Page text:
Illinois Bar Journal


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Articles on Privileged Communications

Accountant holds accountant-client privilege, which is not subject to testamentary exception June 2015 Illinois Law Update, Page 16 On March 19, 2015, the Illinois Supreme Court held that the accountant-client privilege in the Public Accounting Act is held by the accountant and is not subject to the testamentary exception.
Contacting, deposing employees of opposing parties: a how-to By Helen W. Gunnarsson January 2008 LawPulse, Page 10 Don’t just call up your opponent’s employees, even if they’re working elsewhere. Consider first whether doing so might violate legal or ethical rules.
Attorney’s defamatory statement privilege applies to preliminary letter to employer March 2007 Illinois Law Update, Page 124 On December 22, 2006, the Illinois Appellate Court, First District, affirmed the Circuit Court of Cook County's dismissal of the claims against the defendant attorney because his allegedly defamatory statements were privileged and made in good faith. 
Does attorney-client privilege shield a witness’ contemporaneous personal notes? By Helen W. Gunnarsson October 2006 LawPulse, Page 518 Probably not, according to the second district's reasoning in a recent case. 
The Vanishing Attorney/ Client Privilege By Irene F. Bahr October 2006 Column, Page 516 The ISBA must fight to protect this longstanding principle against federal encroachment.
Waiver of Privilege for Documents Inadvertently Disclosed During Discovery By Andrew N. Plasz March 2005 Article, Page 126 How do Illinois courts respond when a party claims that an inadvertently produced document is still privileged? Here's a review of the cases
Attorney-client privilege waived when the party asserting the privilege places the privileged communication directly at issue in the case January 2005 Illinois Law Update, Page 14 On November 5, 2004, the Illinois Appellate Court, Second District, affirmed in part, vacated in part, and remanded the Circuit Court of Lake County's decision to grant the defendant's discovery motion requesting access to communications between the plaintiff's husband and a medical malpractice attorney. 
Challenging the Medical Studies Act’s Peer-Review Privilege By Judy L. Cates November 2004 Article, Page 582 A plaintiff's-eye view of this important limit on discovery in med-mal cases.
An In-House Counsel’s Guide to Preserving Attorney-Client Privilege By Joseph J. Siprut November 2004 Article, Page 586 Steps company lawyer-business advisors can take to protect attorney-client privilege.
Should Lawyers Use E-mail to Communicate with Clients? By Helen W. Gunnarsson November 2004 Article, Page 572 While some lawyers are nervous about exchanging unencrypted e-mail with clients, others say just do it.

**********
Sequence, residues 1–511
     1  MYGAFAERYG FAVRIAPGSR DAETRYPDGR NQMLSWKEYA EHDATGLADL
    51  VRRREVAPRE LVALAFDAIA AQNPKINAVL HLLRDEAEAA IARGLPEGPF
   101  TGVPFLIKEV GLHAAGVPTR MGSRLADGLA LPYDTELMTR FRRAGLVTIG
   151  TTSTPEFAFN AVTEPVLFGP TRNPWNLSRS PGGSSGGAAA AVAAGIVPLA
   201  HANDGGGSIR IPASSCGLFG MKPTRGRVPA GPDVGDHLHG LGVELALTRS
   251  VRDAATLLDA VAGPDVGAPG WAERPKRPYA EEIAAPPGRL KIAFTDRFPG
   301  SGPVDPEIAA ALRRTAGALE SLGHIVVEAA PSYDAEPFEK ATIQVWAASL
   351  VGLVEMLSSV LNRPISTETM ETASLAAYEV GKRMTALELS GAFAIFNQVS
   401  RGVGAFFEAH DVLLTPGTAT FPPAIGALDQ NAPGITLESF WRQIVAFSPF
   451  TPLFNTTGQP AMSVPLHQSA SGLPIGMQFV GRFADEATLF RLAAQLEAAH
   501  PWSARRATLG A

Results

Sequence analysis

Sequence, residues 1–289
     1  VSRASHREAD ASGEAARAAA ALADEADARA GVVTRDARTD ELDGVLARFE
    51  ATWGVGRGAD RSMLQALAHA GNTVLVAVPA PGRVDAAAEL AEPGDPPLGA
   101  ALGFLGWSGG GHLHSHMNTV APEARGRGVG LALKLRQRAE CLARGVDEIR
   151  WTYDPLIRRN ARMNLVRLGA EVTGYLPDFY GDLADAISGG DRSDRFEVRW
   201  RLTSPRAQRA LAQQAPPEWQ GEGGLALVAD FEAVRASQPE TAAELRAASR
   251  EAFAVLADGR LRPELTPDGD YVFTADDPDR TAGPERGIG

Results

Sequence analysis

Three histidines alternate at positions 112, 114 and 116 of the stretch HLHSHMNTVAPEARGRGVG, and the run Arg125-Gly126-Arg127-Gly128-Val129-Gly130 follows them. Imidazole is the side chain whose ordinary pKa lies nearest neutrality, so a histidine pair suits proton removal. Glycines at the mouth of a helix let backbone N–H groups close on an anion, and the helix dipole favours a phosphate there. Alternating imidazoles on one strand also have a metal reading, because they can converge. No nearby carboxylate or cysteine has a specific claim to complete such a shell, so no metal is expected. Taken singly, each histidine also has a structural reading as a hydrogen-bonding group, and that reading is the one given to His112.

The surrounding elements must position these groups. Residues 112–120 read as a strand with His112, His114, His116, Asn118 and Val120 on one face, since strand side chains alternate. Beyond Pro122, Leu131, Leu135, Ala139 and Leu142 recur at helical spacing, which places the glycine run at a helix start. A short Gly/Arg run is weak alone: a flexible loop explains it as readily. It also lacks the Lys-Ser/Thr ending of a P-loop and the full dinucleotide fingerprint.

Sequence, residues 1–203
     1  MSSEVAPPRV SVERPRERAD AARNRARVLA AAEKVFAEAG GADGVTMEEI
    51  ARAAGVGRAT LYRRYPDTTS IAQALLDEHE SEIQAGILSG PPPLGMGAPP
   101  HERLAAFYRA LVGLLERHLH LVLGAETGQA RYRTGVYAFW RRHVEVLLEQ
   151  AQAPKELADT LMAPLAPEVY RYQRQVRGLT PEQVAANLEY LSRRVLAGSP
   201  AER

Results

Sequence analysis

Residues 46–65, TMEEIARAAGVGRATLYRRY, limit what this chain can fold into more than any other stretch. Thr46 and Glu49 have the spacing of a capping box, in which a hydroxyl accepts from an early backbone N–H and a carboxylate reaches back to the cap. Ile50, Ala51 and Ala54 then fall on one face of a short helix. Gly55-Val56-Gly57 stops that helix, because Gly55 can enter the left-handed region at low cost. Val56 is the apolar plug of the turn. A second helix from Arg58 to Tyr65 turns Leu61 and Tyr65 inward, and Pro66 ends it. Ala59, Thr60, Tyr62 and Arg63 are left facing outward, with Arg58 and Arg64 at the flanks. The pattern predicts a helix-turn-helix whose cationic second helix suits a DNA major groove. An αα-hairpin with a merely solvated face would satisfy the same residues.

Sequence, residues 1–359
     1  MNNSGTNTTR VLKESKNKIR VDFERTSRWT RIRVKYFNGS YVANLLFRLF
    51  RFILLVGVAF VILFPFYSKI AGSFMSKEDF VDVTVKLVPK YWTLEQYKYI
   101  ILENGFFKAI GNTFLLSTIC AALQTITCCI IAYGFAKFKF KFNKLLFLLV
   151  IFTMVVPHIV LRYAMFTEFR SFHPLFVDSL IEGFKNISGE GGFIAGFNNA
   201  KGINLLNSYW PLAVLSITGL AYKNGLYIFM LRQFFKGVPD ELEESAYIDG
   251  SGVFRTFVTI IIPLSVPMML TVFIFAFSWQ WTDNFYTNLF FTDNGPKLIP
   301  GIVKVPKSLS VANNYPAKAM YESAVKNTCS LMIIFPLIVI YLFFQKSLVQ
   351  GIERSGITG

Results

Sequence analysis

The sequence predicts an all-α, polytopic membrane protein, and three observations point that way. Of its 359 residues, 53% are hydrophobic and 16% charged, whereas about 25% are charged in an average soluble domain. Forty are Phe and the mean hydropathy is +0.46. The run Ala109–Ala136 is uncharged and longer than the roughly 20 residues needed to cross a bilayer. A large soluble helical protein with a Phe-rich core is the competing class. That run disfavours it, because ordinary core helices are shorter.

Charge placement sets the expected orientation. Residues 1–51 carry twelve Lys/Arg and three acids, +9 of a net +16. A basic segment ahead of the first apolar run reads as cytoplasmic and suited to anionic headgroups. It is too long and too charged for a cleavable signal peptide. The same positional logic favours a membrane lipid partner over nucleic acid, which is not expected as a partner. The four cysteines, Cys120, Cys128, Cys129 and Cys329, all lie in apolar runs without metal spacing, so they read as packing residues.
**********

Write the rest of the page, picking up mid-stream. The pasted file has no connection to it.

The Uniform Mediation Act: Illinois’ Newest Privilege By Sarah E. Cook and Sheryl E. Healy February 2004 Article, Page 92 A look at this new law, which should make mediation a more attractive alternative to litigation.
Client Communications 101: Learning to Listen By Karen Erger June 2003 Column, Page 313 Not listening to your clients leads to dissatisfaction and, too often, to claims.
The Department of Professional Regulation may subpoena dentists’ patient appointment calendars, but not private patient files March 2003 Illinois Law Update, Page 116 On December 5, 2002, the Illinois Supreme Court held that the Department of Professional Regulation may not subpoena a dentist's private patient files.
Attorney-Client Privilege, Corporate Clients and the Control-Group Test By Daniel J. Polatsek February 2003 Article, Page 80 An explanation of how and when the attorney-client privilege protects communications between a corporate client and a third party.
The dentist-patient privilege By Helen W. Gunnarsson February 2003 LawPulse, Page 58 The physician-patient privilege applies to dentists, too, the supreme court rules.
New limits on attorney-client privilege for government lawyers and agency clients By Helen W. Gunnarsson August 2002 LawPulse, Page 392 The seventh circuit holds that when federal prosecutors seek information from an agency attorney as part of a criminal investigation, the agency lawyer must talk.
The Leak-Free Office: Preventing Accidental Breaches of Confidentiality By Paul Sullivan July 2002 Column, Page 377 Are you doing all you should to make sure confidential client information stays that way in your office?
The Attorney-Client Privilege in Director and Shareholder Litigation By Frederick R. Ball October 2001 Article, Page 537 A look at when courts are willing to pierce the attorney-client privilege in director and shareholder litigation.
The Lawyer’s Journal By Bonnie C. McGrath August 2001 Column, Page 394 Name-calling brief writers get a pass; Gramm-Leach-Bliley may require lawyers to send privacy notices; and more.
The Lawyer’s Journal By Bonnie C. McGrath July 2001 Column, Page 338 Golfers in the (legal) news; capital punishment and the mentally retarded; and more.
The Lawyer’s Journal By Bonnie C. McGrath April 2001 Column, Page 166 Police can keep suspects out of their own homes; adoption by one spouse only; arbitration clauses and fee agreements; and more.